Here we have a plot of percent error for my models, with percent error being the ratio of the RMSE to the mean of the test set. The ARIMA model performed so poorly that I decided not to include it. The forecast converged to the mean very quickly, which goes to show that accounting for seasonality is crucial for an accurate forecast. The seasonal arima model performed well but was not as adaptive as TBATS and Prophet. Prophet had the lowest percent error, as I expected. Importantly, all three of these models outperformed the government’s (EIA) day-ahead demand forecast.
This is Prophet’s 5 day hourly electricity demand forecast, with the forecast in orange and the actual values in blue. We can see that it performed quite well on the test set, on average missing the actual demand value by about 87MWh. And we can see it tended to overestimate demand, especially around the peaks and troughs. After day 3 or so, the errors start to increase on average, suggesting my model may be most useful for short term forecasts.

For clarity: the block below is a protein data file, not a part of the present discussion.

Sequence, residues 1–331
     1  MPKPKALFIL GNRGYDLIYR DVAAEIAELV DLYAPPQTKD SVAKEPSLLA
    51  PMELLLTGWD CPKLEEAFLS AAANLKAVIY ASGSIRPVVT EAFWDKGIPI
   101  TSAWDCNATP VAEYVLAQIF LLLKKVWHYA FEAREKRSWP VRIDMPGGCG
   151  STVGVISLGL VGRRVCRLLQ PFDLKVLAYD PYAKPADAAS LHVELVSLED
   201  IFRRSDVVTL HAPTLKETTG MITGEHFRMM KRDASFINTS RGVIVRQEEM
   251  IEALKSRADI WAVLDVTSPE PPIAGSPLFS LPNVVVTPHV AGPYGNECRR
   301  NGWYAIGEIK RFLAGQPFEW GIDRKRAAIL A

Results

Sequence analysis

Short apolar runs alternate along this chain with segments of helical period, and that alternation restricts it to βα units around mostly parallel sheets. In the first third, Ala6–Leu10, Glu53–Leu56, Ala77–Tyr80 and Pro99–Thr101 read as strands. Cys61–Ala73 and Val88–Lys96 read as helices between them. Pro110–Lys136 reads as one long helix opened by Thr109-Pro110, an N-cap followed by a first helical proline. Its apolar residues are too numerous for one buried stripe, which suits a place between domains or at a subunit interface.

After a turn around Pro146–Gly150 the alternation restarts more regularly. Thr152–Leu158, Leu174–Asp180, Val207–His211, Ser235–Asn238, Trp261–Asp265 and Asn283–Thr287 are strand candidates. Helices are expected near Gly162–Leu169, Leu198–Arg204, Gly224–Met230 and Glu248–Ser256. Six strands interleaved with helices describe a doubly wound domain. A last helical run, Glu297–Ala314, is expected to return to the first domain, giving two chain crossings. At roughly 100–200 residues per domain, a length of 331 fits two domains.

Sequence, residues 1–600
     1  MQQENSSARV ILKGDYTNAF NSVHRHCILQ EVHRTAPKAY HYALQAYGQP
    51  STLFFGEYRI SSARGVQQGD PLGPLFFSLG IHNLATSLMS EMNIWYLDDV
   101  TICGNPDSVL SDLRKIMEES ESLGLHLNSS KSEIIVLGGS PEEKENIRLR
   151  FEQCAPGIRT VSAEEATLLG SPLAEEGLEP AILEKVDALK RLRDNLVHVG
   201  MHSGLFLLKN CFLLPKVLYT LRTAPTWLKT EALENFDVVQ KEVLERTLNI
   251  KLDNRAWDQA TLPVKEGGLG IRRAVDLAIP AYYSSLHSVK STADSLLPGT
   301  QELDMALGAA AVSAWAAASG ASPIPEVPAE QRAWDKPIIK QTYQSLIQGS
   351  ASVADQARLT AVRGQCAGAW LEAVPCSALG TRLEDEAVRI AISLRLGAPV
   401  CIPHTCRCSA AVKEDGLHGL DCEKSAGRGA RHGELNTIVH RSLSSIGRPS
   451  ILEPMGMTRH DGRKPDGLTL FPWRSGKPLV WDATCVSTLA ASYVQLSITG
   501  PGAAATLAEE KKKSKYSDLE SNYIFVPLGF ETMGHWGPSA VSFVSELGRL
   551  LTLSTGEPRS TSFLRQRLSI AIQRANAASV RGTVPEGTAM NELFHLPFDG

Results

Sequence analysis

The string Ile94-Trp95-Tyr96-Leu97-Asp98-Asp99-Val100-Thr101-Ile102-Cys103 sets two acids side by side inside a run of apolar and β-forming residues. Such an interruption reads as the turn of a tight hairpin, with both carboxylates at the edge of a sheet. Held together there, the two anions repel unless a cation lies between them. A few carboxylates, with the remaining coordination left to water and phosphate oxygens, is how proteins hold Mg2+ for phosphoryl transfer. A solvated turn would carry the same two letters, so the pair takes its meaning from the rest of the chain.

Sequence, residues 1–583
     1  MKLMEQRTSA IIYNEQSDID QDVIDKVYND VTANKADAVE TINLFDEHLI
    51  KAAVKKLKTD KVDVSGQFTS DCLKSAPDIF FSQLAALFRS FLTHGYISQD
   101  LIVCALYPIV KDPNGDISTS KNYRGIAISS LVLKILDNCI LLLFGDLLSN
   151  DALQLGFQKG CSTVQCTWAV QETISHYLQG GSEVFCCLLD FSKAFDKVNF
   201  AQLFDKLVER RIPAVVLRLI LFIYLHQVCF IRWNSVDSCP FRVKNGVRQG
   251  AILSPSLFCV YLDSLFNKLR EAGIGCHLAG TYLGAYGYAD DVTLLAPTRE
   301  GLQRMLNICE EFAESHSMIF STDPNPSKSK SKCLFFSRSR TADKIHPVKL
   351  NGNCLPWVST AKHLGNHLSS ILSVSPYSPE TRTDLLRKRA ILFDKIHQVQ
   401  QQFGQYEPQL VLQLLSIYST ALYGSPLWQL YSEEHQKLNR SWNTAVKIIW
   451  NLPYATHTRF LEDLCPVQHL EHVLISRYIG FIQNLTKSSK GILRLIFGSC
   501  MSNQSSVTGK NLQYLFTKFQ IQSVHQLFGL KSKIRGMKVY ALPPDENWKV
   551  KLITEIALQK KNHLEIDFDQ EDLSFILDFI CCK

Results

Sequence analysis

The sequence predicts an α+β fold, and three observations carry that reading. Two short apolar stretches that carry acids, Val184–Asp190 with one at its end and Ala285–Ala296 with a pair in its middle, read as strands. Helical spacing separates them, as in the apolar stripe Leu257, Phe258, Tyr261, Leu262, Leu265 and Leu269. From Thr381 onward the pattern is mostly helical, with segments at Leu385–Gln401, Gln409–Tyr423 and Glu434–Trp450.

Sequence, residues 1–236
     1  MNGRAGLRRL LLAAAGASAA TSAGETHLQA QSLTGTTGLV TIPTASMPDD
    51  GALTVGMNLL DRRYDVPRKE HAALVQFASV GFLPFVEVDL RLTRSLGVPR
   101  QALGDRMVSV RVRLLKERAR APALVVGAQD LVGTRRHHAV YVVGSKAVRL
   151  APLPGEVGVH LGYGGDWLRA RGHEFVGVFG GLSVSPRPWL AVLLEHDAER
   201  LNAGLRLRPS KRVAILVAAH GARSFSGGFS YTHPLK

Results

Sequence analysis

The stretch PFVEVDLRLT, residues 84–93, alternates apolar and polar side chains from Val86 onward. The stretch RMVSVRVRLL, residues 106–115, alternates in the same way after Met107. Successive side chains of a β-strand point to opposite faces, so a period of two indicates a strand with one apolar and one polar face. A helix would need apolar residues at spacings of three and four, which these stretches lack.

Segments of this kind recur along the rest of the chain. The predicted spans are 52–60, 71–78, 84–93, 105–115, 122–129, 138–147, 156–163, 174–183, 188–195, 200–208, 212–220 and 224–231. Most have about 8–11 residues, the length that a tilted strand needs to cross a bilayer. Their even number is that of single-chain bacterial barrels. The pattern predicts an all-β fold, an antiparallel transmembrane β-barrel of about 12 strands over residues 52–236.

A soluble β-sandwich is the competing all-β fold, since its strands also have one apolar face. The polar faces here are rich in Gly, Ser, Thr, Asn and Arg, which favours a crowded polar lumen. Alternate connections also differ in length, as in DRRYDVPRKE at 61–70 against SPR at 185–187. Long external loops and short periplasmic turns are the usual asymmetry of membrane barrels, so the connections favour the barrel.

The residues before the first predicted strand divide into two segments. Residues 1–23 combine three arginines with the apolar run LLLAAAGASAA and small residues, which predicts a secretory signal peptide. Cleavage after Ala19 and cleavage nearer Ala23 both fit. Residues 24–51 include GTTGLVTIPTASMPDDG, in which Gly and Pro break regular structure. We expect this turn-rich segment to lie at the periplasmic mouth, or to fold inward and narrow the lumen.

My best model outperforms the government’s forecast by about 12MWh on average, and has less of a forecast bias. As we saw before, Prophet tends to overestimate hourly demand by about 32MWh. The government forecast tends to underestimate, which can have disastrous social consequences, such as blackouts caused by insufficient power supply. With the current cost of electricity in Seattle at 11.3 cents per kwh, implementing my model could potentially save the people of Seattle and Seattle City Light hundreds of dollars an hour in consumption and generation.
Our nation’s electric infrastructure is aging and is being pushed to do more than it was originally designed to do, and modernizing the grid through enhanced forecasting to make it smarter and more resilient will deliver electricity more reliably and efficiently, and can reduce peak loads and lower operational costs for utilities like Seattle City Light.